Published in Environmental Science and Technology, new research from Washington D.C.’s Milken Institute of Public Health at George Washington University says that household dust exposes people to toxic chemicals associated with severe health problems. Children – and especially infants – may be more exposed while playing and crawling on the floor.
The research group analyzed data from dust samples collected throughout the U.S. for multiple studies, and were able to identify the top 10 toxic chemicals commonly found in dust. Number one on the list: DEHP, which belongs to a hazardous class of chemicals called phthalates and is used in products including household cleaners, food packaging, cosmetics, fragrance, and personal-hygiene products.
Lead author of this research Ami Zota, Sc.D., M.S., and assistant professor of Environmental and Occupational Health at Milken Institute says that the findings suggest that “people, and especially children, are exposed on a daily basis to multiple chemicals in dust that are linked to serious health problems.”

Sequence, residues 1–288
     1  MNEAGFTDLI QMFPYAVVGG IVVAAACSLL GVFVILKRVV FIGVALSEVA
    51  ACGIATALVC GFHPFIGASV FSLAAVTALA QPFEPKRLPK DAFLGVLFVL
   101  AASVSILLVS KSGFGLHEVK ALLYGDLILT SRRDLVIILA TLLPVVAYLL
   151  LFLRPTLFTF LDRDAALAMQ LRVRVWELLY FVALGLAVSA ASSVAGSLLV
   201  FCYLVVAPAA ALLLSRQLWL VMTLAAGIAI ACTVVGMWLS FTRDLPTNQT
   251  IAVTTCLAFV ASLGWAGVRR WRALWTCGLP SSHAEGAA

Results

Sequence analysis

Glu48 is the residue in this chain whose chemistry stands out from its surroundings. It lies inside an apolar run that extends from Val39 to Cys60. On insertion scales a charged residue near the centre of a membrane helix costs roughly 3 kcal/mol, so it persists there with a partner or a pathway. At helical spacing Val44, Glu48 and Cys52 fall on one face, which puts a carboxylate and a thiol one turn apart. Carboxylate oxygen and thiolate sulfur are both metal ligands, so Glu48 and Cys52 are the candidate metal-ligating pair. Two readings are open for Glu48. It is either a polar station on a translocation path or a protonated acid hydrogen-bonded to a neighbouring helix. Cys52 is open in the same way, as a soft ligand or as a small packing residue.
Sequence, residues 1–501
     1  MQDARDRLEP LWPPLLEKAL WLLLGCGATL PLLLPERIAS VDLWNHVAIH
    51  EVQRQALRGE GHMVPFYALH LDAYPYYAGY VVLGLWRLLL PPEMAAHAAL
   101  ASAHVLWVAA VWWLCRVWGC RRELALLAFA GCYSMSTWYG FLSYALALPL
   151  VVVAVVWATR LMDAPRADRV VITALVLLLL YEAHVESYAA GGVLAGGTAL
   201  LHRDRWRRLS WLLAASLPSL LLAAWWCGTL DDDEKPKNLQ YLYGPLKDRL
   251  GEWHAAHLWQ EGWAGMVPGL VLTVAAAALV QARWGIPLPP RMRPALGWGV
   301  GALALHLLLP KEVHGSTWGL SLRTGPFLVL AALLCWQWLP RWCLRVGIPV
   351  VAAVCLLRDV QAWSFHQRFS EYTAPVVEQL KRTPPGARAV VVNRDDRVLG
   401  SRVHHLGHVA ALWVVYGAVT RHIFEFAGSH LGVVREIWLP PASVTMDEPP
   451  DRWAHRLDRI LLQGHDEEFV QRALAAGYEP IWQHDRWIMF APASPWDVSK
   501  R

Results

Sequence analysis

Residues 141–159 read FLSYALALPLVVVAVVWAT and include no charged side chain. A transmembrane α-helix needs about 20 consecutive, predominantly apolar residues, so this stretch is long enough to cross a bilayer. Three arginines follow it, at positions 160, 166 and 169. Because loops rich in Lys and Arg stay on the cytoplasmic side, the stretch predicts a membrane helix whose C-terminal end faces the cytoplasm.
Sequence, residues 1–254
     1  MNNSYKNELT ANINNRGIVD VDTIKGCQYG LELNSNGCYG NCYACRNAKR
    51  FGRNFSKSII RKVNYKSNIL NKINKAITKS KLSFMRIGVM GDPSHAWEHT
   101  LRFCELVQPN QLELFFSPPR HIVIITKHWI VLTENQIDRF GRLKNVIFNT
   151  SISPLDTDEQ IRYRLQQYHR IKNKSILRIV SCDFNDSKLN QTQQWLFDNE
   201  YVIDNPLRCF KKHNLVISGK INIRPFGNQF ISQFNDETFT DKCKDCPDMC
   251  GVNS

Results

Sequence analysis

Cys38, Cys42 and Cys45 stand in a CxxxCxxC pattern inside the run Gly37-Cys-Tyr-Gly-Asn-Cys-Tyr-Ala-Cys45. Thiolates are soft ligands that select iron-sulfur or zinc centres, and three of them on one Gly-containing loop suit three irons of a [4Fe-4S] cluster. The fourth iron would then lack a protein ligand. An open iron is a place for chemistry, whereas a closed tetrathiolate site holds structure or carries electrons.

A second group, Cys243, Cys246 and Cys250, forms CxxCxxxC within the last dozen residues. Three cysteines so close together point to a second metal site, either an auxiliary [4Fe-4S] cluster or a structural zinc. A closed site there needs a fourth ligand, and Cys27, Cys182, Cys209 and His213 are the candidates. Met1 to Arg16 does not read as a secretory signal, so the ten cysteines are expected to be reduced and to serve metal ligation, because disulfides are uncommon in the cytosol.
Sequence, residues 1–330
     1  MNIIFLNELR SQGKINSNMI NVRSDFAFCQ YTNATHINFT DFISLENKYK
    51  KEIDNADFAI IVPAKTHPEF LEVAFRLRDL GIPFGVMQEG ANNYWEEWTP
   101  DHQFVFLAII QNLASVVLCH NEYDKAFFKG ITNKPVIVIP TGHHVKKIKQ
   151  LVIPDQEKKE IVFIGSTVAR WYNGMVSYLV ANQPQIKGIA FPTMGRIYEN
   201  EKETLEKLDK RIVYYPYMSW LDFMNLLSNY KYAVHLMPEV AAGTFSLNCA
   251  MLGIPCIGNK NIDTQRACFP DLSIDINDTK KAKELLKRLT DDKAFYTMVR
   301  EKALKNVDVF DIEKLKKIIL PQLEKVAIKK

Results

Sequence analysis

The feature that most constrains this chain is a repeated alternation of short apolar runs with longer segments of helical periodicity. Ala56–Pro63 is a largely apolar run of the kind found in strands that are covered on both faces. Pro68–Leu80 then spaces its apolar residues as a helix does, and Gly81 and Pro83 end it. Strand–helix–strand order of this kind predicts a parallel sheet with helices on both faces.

An array of potentially toxic chemicals from consumer products are released into the air and amalgamate with dust that settles on household surfaces including furniture and the floor, exposing people who inhale or ingest the tiny particles. Minor amounts of these chemicals can also be absorbed through the skin.
Even more concerning, 90% of the dust samples tested contained at least 10 harmful chemicals including flame-retardant TCEP – a chemical routinely added to couches, baby products, and electronics – and a known cancer-causing agent. Four other phthalates found in the samples are linked to interfering with hormones, declining IQ, and respiratory problems.
Co-author Veena Singla, PhD. and staff scientist at the Natural Resource Defense Council was “shocked at the numbers and levels of toxic and untested chemicals that are likely to be found in every home.”
What can you do?
Consumers do have the power to make healthier informed choices and protect themselves from harmful chemicals found in everyday products. One simple step is to regularly use a strong vacuum with a HEPA filter. Also encourage every family member to wash their hands frequently.
The research team hopes their work will make a difference by raising awareness, and will help shift the market toward safer products.